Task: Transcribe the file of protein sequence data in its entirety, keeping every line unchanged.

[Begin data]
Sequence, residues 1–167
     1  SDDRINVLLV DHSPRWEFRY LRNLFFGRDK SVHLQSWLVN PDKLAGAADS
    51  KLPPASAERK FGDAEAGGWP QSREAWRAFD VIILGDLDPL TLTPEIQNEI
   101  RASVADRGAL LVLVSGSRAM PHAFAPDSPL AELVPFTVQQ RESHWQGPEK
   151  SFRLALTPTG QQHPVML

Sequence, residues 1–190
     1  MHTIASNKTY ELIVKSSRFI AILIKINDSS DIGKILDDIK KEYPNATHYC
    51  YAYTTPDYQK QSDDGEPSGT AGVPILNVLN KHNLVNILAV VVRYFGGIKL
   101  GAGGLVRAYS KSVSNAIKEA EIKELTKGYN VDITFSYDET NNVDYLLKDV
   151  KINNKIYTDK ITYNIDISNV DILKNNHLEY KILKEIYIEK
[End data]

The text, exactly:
Sequence, residues 1–167
     1  SDDRINVLLV DHSPRWEFRY LRNLFFGRDK SVHLQSWLVN PDKLAGAADS
    51  KLPPASAERK FGDAEAGGWP QSREAWRAFD VIILGDLDPL TLTPEIQNEI
   101  RASVADRGAL LVLVSGSRAM PHAFAPDSPL AELVPFTVQQ RESHWQGPEK
   151  SFRLALTPTG QQHPVML

Sequence, residues 1–190
     1  MHTIASNKTY ELIVKSSRFI AILIKINDSS DIGKILDDIK KEYPNATHYC
    51  YAYTTPDYQK QSDDGEPSGT AGVPILNVLN KHNLVNILAV VVRYFGGIKL
   101  GAGGLVRAYS KSVSNAIKEA EIKELTKGYN VDITFSYDET NNVDYLLKDV
   151  KINNKIYTDK ITYNIDISNV DILKNNHLEY KILKEIYIEK